What Traders are Talking About:
Overnight highlights: As of 6:30 a.m. CT, corn and wheat futures are trading 1 to 2 cents higher, while soybeans are fractionally to 2 cents higher. Weekly export sales will help set the price tone during the daytime hours. Cattle futures are called mixed this morning while hogs are expected to open firmer.
* Oats knows? The old market adage that "oats knows" is a reference to the fact the oat market is often a leading indicator of upcoming price action in other grains, especially the corn market. If that's the case, grains may be about to embark on a strong move higher. March oat futures have rallied more than $1 since the beginning of the year and pushed to an unusual premium to front-month corn futures overnight. Logistic problems in Canada are the reason for the sharp rise in oat futures, lowering the available supply to the market and rallying futures. The logistic problems in Canada aren't going away anytime soon. Sources in Canada expect the transportation bottleneck will last for at least three to six more months before there's any significant loosening.
The long and short of it: If the adage that "oats knows" holds true and that market continues to rally amid a supply crunch, it could cause corn traders to look past their bearish bias for that market and rally corn futures.
* Japan buying more U.S. wheat. Shipping delays with Canadian wheat supplies is causing Japan to buy more U.S. wheat, a trend that's likely to continue if Canadian logistic congestion persists, as expected. Bloomberg reports Canadian wheat shipments to Japan have been delayed the past two months. In this week's tender, Japan purchased 284,161 MT of wheat, with 153,689 MT of that total being U.S. supplies. "There were worries if shipments from Canada will be able to arrive or not, so we were asked (by millers) to take additional supply from the U.S.," a farm ministry official said.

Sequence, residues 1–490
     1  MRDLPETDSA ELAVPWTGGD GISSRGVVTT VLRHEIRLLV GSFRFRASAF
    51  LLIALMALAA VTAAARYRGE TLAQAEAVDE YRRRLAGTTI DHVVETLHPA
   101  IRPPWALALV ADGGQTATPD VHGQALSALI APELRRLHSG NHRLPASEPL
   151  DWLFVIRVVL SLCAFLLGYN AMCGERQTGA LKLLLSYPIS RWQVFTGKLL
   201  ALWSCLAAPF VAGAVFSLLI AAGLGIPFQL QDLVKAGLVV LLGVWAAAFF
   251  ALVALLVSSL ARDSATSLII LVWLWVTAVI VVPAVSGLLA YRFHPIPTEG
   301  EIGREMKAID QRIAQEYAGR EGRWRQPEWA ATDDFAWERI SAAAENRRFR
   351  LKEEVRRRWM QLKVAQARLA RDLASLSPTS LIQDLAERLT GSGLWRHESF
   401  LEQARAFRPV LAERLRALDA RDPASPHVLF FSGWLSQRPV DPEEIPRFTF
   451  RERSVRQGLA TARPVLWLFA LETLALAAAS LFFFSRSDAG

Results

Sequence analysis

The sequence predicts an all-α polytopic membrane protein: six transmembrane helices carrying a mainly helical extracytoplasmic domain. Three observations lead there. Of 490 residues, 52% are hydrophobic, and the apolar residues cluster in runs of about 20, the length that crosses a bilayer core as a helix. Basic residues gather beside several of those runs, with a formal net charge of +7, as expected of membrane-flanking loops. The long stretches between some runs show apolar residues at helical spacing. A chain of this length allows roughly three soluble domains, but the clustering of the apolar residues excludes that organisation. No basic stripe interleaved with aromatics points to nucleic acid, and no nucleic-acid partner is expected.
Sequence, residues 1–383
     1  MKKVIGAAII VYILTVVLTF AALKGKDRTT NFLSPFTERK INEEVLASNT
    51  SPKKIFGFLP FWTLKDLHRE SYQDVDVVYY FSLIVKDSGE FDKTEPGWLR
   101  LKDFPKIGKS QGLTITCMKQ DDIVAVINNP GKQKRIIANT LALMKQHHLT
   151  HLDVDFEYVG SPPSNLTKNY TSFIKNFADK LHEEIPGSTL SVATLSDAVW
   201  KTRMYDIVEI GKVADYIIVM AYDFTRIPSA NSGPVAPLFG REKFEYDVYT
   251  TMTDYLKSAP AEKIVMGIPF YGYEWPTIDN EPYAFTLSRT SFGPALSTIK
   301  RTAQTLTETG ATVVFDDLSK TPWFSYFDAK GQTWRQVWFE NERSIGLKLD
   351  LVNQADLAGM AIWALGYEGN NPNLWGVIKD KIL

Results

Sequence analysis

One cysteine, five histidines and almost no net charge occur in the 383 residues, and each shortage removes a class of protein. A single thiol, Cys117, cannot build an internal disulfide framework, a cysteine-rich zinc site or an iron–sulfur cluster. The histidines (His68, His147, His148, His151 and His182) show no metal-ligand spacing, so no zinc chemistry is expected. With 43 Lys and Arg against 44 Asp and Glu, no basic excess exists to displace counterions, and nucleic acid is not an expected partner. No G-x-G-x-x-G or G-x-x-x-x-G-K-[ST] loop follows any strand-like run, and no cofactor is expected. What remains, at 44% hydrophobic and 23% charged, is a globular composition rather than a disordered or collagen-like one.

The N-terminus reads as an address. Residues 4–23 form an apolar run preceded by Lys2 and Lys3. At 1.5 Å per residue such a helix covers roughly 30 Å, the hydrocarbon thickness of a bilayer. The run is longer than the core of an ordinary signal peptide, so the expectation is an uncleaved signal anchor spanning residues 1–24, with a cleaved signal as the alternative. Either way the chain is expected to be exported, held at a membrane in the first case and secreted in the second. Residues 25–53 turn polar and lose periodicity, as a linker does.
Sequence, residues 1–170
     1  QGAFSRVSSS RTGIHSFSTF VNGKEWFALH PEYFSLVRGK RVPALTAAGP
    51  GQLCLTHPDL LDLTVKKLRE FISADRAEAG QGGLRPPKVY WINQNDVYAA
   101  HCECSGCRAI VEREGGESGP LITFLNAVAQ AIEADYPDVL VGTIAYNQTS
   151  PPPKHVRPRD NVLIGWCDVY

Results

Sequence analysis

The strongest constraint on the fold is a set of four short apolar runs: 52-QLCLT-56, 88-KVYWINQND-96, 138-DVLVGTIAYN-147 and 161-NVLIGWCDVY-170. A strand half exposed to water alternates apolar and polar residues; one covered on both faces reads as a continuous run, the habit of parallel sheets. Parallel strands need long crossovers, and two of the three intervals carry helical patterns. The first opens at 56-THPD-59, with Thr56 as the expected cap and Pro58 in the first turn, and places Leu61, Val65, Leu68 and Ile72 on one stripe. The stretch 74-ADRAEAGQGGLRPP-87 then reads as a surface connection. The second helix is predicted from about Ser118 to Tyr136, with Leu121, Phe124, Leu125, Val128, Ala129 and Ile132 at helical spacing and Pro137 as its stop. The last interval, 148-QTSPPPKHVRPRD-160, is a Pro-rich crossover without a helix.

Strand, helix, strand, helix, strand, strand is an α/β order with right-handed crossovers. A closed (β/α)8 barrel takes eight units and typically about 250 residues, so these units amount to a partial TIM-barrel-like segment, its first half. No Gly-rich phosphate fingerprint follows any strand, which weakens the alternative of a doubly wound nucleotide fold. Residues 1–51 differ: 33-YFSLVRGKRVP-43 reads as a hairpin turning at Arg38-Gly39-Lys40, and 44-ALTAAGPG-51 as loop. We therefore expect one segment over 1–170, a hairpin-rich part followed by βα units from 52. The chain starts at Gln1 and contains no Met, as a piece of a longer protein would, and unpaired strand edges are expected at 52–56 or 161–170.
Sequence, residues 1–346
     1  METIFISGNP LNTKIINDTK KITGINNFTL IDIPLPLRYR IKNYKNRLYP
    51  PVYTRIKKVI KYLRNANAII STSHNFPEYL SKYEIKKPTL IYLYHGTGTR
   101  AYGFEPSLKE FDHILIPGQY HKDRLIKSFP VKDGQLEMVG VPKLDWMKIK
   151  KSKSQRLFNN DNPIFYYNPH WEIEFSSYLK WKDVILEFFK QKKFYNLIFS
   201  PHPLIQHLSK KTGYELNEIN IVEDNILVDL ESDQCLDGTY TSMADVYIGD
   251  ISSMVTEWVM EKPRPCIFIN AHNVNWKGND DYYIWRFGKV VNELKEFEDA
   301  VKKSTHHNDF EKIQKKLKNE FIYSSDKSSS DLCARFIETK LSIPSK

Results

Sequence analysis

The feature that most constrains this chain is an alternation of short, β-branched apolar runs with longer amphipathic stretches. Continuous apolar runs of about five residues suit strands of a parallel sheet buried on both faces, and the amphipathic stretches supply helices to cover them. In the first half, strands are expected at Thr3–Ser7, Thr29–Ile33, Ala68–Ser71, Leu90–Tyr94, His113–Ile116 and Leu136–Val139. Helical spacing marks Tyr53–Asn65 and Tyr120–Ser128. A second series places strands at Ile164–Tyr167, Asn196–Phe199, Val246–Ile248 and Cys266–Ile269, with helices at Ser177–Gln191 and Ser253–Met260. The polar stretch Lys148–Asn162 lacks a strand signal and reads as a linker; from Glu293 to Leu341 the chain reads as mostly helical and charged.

The long and short of it: Increased demand for U.S. wheat from Japan will help, but it won't be enough to support a sustained rally in wheat futures. The biggest potential boost for U.S. wheat shipments may come when soybean exports slow and exporters put more focus on shipping wheat.
* Duracade corn 'sold out.' Syngenta says it has sold all of its Duracade corn seed for the upcoming growing season despite calls for the company to pull the product from the commercial market since it has yet to be approved by China and the European Union. The National Grain and Feed Association and North American Export Grain Association asked Syngenta last month to suspend sales of Duracade corn, which is commercially available for the first time this year, and Viptera corn, amid fears the unnapproved traits will cause further trade disruptions. The Viptera trait (MIR 162) is what has caused China to reject more than 600,000 MT of U.S. corn shipments.
The long and short of it: Until China gives approval for the Viptera and Duracade traits, there will be potential trade issues. But how picky China gets on U.S. corn shipments depends on their need for corn. If China needs corn, it will be a relative non-issue. If China doesn't need corn, the presence of unapproved traits in shipments will be an issue.
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